|Here’s my dilemma: Almost anything I can tell you about the film 127 Hours would have to be considered a spoiler. That said, I believe 99% of audiences who have seen the film knew what they were getting into when they bought their ticket, but in case you want to go in fresh, just skip reviews altogether and go see it now! 127 Hours is a film about survival, endurance, and courage. It is based on the true story of Aron Ralston (Franco), a mountain climber who got his arm trapped under a boulder after a landslide in the middle of a mountain range in Utah. After spending several days out alone in the desert, he is forced to cut off his own arm to escape.|
This film is not for the faint of heart. It is short—a mere 94 minutes—and direct, but feels much longer because of the anguish Ralston is experiencing before your eyes. The movie is very well done, with everything, including the graphic arm-cutting scene, having a very realistic feel. When the real Aron Ralston saw the film, he cried, and called it "...so factually accurate it is as close to a documentary as you can get and still be a drama."
James Franco is the reason this film works as well as it does. He brings an authenticity to the role of Aron that few young actors could provide. Of the film’s 94 minutes, about 80 of them are just Franco on the screen by himself, so it was extremely important that he commit to the role, and his Oscar-nominated performance speaks for itself. From the carefree guy we see at the beginning to the desperate, hallucinating man we see by the film's end, Franco makes the whole character arc—and really, the whole film—work.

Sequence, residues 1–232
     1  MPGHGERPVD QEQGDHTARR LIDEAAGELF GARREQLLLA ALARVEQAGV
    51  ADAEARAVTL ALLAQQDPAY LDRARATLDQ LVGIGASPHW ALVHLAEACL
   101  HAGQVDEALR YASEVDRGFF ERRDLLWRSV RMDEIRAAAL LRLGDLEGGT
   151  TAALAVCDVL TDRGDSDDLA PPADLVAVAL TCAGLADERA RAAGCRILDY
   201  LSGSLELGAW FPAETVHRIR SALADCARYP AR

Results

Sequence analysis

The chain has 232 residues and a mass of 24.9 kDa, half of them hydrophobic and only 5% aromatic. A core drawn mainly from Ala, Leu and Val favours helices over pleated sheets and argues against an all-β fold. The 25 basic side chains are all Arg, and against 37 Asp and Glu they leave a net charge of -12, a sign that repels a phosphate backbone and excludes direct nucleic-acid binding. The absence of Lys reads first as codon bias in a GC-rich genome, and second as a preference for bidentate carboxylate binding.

Though it is an excellent film, 127 Hours seems unlikely to garner any Oscar gold. The film is simply too difficult for many to sit through, and since the Academy voters tend to skew older, it doesn’t quite play to their demographic. Franco is up against some heavy hitters, including Colin Firth (The King’s Speech) and Jeff Bridges (True Grit) so this probably isn’t his year. It is worth noting that serving as co-host of the ceremony probably doesn’t help his chances; the last time an Oscar co-host was nominated was Paul Hogan for writing 1986’s Crocodile Dundee, which he did not win. If this were any other year, I’d say the screenplay could perhaps compete, but 127 Hours is up against the likes of Aaron Sorkin and those Pixar people, so there’s not much shot there either.